Monday, November 17, 2014

Explaining the Year-Long Suit Experiment

An Australian news anchor recently announced that he had been wearing the same dark-blue suit for a year during his broadcasts, and no one noticed or commented on it. This lack of a reaction to his unchanging suit, he concluded, is because of sexism: people comment on what female hosts wear, but not male hosts, even when male hosts wear the exact same thing for an entire YEAR (something that female hosts could not get away with). He, and many people who have heard of his experiment, have concluded that nobody noticed because we're all just that sexist.

Gender difference? People must be sexist.

However, I believe this lack of comments was not because of sexism; I think it was caused by the following facts.

1. Most suits look very similar, especially when you're ~10 feet away, and especially when you're seeing it through your TV screen, so would anyone really notice if he had changed suits? It would have looked very similar anyway.

2. Adding to 1: people fully expect newsmen to wear some kind of dark suit every day, because that's basically the only formal wear for men. So why would anyone notice this man's lack of variety? If anything, the audience expects him to wear the same suit every day.

3. He changed his tie regularly. This is important not only because the tie is usually the most unique part of a suit, but also because it distracts the audience from the rest of his outfit. These kinds of distractions can make a person miss some very obvious things. (see the first video link below). This experiment would have been more significant if he had worn the same bright tie every day.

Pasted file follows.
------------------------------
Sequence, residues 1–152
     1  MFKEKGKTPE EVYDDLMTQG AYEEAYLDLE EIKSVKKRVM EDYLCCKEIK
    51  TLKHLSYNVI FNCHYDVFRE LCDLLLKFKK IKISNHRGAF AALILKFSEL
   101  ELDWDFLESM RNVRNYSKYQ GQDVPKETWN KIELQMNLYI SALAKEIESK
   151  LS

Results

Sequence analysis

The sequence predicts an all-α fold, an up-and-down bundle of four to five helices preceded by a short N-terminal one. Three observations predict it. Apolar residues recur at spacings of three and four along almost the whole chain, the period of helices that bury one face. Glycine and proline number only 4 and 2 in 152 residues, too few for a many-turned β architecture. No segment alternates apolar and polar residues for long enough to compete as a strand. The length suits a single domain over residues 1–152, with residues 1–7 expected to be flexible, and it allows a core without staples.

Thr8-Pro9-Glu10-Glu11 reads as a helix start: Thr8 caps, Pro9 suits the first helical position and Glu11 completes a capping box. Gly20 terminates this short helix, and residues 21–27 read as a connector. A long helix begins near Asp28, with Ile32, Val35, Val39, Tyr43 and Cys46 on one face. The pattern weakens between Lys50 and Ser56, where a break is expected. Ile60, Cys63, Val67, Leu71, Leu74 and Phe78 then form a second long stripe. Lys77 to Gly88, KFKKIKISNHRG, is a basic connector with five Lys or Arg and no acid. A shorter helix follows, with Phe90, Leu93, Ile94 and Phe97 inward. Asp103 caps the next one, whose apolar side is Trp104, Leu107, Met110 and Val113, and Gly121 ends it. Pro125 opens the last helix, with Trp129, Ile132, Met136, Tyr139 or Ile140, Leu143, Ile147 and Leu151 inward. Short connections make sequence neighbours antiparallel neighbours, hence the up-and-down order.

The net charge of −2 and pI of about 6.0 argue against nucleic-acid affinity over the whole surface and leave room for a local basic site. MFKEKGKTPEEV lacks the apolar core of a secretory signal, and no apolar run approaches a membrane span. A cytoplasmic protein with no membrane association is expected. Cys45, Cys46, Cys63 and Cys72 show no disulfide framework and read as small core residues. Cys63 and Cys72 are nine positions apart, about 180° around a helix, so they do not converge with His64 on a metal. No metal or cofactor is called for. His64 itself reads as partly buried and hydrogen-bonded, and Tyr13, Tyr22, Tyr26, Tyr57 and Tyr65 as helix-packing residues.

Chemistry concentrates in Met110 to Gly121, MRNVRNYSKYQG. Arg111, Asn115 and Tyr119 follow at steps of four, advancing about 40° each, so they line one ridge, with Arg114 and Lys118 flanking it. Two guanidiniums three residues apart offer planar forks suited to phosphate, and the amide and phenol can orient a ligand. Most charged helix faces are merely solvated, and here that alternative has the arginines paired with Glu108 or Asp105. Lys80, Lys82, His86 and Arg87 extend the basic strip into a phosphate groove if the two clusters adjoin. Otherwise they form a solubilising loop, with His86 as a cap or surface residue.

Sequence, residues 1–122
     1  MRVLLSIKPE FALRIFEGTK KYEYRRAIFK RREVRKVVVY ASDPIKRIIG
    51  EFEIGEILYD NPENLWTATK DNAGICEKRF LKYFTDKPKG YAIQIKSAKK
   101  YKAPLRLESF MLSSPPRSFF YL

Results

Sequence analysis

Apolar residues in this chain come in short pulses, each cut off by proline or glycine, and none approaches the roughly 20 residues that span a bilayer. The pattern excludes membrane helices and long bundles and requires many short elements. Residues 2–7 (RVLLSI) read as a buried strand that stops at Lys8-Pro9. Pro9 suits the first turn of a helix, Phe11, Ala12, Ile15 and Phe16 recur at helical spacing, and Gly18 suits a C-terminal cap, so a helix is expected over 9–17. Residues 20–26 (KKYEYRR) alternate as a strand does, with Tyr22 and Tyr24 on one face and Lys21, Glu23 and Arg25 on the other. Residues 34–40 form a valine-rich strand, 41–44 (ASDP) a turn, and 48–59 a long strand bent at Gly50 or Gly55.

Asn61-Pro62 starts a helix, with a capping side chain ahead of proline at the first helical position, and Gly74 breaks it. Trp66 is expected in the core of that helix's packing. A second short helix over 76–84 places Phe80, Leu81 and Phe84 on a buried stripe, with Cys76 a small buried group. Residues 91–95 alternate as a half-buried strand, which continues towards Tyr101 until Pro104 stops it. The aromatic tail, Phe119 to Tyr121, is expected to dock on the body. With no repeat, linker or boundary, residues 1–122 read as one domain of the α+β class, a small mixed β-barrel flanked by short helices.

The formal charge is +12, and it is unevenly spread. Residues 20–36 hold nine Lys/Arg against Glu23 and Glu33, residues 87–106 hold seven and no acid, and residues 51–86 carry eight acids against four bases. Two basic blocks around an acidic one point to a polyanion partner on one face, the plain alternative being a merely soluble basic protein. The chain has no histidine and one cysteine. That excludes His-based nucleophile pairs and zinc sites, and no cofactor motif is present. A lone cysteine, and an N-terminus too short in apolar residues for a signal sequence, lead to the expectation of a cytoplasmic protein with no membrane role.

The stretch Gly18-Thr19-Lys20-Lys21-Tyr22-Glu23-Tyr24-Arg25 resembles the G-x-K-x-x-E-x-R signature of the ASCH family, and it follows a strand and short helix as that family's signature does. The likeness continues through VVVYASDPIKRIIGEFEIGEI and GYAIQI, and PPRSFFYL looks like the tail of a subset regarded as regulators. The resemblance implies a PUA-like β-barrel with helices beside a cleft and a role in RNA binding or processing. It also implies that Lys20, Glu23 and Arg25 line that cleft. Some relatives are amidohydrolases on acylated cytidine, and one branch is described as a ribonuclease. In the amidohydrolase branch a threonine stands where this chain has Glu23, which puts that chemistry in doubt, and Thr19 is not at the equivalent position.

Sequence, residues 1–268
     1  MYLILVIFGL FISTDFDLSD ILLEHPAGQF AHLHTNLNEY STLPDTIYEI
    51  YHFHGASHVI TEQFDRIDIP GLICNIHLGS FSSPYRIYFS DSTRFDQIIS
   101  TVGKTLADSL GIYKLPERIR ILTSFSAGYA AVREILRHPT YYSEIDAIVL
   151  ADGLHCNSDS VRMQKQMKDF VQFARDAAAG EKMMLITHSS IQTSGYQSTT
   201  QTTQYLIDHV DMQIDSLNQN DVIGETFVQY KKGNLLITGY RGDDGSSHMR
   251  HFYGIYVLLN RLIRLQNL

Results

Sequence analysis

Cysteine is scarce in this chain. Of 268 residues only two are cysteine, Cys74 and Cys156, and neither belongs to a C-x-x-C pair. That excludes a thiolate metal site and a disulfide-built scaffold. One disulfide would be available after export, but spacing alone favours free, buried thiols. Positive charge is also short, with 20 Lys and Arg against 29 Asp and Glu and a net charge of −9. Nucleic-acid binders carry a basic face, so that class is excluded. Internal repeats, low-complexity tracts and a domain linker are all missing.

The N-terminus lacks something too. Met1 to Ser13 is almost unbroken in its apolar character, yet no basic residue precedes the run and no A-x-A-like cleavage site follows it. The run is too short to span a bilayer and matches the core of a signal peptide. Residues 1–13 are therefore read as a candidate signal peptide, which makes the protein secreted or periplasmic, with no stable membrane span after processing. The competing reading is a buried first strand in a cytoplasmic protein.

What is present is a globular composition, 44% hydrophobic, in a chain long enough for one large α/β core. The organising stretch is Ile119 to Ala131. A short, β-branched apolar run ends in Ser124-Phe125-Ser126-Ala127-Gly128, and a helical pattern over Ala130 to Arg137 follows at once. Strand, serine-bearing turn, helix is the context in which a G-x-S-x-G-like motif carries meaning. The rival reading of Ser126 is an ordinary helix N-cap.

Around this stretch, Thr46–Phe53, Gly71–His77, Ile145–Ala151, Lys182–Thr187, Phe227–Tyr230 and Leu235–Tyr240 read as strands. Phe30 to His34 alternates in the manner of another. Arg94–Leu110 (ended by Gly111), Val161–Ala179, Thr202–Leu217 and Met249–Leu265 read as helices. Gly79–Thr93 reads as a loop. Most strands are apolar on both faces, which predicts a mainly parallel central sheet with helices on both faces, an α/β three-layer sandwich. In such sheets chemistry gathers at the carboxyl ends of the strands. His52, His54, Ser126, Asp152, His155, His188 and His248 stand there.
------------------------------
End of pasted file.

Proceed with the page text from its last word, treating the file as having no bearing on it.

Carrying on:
4. The human mind is surprisingly bad at distinguishing little details from one moment to the next (see the second video link below); usually our brains just remember the gist of what we saw, such as "a dark suit".

Additionally, smaller details (like changing from one dark suit jacket to another dark suit jacket) are less likely to be noticed, and, following point 2, are less likely to be cared about even if noticed.



These videos were produced by Daniel Simons, a psychology professor at the University of Illinois at Urbana-Champaign.

These facts explain the results of the year-long suit experiment better than sexism, but the fact that so many people believe their knee-jerk reactions is concerning to me.

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